Last week Facebook Co-founder, Chris Hughes, called for the breakup of Facebook. He made quite a compelling argument for the U.S. Government to do its job and address the many issues that warrant further investigation beyond that which will result in a $5 billion fine that will be levied on the company for past security infractions. However, the line from the article that stood out for me was, “ Facebook’s board works more like an advisory committee than an overseer, because Mark [Zuckerberg] controls around 60 percent of voting shares.” When you consider that he controls three of the larges communications platforms in the world - Facebook, Instagram and What’sApp - that’s a hell of a lot of power in the hands of one person who can make unilateral decisions without fear that the board of directors can do anything.
In an age where hardly a week goes by without learning of another CEO that has misappropriated funds, lied about a product’s status, been accused of sexual harassment, discrimination, or hid a security breach from the public, can we afford to have CEOs and founders with unilateral control over businesses that can influence societies and governments so negatively? This got me thinking about the role of the board of directors in particular at the most nascent stage of company formation.
When I started out in venture capital many years ago I was surprised to find out that there was no formal training for how to be a board member. Making the move from startup executive and officer of a company that I helped to take public I had some idea of how board mechanics worked, but this time the tables would be turned. I was essentially given two pieces of information: 1. Do not try to run the company from the board. If you are then you backed the wrong people; and, 2. Your only jobs are to hire and fire the CEO, make recommendations on key hires, and monitor performance.
The early 1900s ushered in the age of the “robber barons” which allowed a small group of immensely powerful corporate leaders to industrialized America. This was followed by the crash of 1929 leading to the Great Depression and in 1933 and 1934 new Securities Acts designed to prevent such a calamity from happening again.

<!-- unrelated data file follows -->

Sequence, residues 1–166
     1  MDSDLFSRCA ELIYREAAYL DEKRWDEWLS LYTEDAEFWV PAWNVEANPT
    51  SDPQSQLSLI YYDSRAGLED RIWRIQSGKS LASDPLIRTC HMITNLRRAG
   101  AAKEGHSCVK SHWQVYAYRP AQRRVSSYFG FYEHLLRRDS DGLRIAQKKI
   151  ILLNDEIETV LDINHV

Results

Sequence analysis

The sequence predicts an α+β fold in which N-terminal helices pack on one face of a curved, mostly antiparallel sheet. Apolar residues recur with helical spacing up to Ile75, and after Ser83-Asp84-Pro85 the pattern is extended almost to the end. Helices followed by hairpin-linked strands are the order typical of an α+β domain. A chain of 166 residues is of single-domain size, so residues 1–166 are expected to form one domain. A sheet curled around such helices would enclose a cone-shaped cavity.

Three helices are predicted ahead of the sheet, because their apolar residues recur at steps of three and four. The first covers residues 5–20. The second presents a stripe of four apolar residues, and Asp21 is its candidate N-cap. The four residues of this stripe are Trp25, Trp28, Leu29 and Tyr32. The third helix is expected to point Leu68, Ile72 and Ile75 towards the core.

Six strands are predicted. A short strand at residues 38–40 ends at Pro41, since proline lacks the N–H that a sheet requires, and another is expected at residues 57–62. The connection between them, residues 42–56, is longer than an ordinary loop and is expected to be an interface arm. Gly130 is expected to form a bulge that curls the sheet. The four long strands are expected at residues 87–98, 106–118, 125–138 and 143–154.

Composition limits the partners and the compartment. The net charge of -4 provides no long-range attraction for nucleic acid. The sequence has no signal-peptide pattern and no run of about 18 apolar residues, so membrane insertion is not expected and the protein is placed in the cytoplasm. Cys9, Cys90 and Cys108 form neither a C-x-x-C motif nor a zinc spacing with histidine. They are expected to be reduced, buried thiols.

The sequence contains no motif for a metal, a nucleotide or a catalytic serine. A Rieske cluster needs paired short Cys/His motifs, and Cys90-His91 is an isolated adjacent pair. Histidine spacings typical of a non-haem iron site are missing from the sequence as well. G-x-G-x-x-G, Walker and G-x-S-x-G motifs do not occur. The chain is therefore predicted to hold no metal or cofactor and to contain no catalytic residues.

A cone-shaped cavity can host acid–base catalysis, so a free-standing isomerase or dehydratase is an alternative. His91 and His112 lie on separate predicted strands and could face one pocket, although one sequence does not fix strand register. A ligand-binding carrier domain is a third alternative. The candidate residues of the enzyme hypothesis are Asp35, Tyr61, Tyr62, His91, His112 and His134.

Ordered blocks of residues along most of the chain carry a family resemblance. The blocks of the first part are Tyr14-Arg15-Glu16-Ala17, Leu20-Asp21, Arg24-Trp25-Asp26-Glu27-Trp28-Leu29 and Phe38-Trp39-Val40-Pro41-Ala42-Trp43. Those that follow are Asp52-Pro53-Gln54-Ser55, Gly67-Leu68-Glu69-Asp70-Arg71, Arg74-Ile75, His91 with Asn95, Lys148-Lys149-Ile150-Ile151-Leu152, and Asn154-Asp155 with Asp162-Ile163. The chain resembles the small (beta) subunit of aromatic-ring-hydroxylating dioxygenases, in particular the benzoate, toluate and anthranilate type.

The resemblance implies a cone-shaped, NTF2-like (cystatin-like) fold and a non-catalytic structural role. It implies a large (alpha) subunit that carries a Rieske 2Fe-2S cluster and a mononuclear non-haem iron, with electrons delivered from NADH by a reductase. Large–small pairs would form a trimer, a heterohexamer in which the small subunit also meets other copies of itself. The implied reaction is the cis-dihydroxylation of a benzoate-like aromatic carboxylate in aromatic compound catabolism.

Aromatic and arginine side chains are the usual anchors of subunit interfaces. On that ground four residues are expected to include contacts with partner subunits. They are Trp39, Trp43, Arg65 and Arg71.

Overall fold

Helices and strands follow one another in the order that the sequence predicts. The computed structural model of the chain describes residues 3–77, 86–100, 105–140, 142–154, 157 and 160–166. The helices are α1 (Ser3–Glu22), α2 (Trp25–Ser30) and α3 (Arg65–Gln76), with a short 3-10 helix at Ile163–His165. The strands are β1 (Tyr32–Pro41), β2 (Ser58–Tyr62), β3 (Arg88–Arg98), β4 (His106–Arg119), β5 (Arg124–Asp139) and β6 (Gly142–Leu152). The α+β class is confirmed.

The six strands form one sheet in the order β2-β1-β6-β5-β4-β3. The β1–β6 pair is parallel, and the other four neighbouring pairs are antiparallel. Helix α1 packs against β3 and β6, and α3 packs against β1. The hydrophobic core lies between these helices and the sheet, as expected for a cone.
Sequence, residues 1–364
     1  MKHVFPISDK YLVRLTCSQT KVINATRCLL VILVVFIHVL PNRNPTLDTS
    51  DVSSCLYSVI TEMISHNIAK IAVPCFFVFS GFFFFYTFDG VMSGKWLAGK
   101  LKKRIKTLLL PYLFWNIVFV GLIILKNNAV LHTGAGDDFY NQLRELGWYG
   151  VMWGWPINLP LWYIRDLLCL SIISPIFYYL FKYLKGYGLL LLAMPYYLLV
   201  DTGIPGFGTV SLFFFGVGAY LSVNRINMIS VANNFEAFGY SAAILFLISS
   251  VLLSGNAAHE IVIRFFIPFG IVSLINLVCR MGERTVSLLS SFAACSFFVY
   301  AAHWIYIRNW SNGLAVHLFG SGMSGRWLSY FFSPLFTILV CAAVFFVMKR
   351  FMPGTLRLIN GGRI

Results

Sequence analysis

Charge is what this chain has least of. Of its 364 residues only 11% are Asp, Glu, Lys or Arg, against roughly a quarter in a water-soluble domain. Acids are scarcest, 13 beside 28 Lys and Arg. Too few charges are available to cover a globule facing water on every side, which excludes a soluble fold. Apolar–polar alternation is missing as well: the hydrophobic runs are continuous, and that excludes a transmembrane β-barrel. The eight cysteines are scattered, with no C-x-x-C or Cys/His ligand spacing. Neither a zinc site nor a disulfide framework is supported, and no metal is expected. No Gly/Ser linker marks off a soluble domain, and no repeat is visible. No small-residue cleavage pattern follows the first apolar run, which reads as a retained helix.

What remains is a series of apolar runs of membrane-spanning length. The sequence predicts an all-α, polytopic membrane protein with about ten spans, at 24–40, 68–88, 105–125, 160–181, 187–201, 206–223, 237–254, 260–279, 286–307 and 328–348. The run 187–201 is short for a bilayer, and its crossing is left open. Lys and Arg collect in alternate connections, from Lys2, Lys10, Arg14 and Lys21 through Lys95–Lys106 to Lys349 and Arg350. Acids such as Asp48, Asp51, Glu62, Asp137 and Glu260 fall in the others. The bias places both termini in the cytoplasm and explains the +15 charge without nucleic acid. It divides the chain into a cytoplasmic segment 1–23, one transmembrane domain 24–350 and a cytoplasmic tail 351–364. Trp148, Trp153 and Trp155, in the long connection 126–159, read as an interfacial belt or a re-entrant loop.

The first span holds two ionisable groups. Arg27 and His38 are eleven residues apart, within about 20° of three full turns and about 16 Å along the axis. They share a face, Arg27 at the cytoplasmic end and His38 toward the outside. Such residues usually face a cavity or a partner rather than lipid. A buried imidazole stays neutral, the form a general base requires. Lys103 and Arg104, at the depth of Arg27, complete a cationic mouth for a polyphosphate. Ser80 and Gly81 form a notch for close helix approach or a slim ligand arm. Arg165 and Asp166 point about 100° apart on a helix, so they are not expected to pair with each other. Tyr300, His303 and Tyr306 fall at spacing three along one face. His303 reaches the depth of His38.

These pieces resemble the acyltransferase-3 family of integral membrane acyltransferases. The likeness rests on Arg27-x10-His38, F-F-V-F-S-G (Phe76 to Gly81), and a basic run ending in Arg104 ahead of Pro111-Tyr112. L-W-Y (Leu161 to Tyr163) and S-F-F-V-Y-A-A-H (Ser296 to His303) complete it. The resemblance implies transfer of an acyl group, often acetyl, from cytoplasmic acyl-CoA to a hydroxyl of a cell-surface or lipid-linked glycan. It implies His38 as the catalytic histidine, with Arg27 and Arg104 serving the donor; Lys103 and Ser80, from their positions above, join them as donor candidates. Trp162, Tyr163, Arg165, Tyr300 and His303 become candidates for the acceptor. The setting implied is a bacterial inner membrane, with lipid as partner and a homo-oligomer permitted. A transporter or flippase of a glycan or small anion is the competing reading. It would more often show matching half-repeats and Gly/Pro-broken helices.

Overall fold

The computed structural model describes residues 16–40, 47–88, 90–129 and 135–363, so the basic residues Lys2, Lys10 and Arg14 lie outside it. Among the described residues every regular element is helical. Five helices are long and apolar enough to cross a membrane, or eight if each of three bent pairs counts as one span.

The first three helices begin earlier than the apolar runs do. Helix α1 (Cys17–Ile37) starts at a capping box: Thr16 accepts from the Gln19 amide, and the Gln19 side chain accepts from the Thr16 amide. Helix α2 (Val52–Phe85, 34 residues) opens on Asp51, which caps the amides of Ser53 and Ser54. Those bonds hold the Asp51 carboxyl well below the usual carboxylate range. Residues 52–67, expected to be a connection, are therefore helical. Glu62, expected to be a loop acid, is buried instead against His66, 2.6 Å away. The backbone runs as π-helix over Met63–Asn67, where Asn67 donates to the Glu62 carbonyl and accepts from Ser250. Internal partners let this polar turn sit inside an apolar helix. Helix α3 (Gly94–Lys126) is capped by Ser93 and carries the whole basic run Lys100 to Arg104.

The corporate world really hit its stride post World War II when European production capacity was all but destroyed. Expansion continued pretty much unabated for four decades and the stock market became somewhat democratized as more retail investors began owning stock. These new stockholders relied on a corporate governance model that centered around the CEO and board members were largely business and country club buddies who rarely “rocked the boat.” Checks and balances on board behavior were governed by state corporate laws, in particular Delaware Corporate Laws which are still followed by most companies today.
I don’t mean to imply that all boards are rigged. It’s just that good behavior and board excellence don’t make great headlines in the news. So we are treated to a steady flow of poor behavior of executives and boards by the media.
In the late 1990’s we witnessed the Dotcom Bubble in which the number of American corporations, startups in particular, exploded. Along with the growth in both startups and investors came an increased focus on stock ownership and in particular stock options with the power to create overnight millionaires and billionaires. One downside was the shift in strategic focus toward short-termism and in some highly publicized cases, creative accounting. In short, many boards failed to execute their fiduciary duties or practice good stewardship because they lacked independence. This resulted in the Dotcom Bust of ‘99-’00.
Once again, new laws were passed, but none addressed board independence or CEO power adequately, which is why we find ourselves in the position we are in today where one individual has the power to topple governments.
Just what are the responsibilities of the board? As stated earlier, the board is in place to select and oversee management. Oversight is determined by state corporate laws and guided by the duties of candor, loyalty, and care. The duty of candor requires the board to ensure that the information that the company provides to shareholders is complete and accurate. The duty of loyalty requires board members to act in good faith and in the best interests of the company and shareholders without the conflict of personal gain. The duty of care requires board members to act deliberately with diligence and competence of a prudent person in a similar position under like circumstance. (Boardroom Excellence. Brountas, Paul P.) These guiding principles should help founders and investors alike find board members who fit the bill. However, startup boards have a tendency get “stacked” in favor of investors, which has probably led to the creation of non-standard voting structures and CEO power that we see with Facebook, Uber, and Lyft to name a few. The pendulum has swung so far in the other direction that it now threatens good corporate governance.
What’s a founder to do? First, begin with the premise that disagreement is a virtue. Park your ego at the door and rather than attempt to lock down power, push harder for true independent board members. Good board members should, at a minimum, fit the following:
Domain or business knowledge
Courage and ability to challenge
Complementary skills and experience
Commitment to the job
Independent and unconflicted
Building your board is as important as building your team. You want diversity of thought, experience, personalities, instincts, and expertise. Most of all, you want independence, honesty and a commitment to work diligently in the interest of the company and shareholders alike. A recycled executive who is beholden to the investor group usually doesn’t meet the criteria. The tradeoff of unilateral power for improved governance and strategic decision making is a tall order. Only confident founders need apply.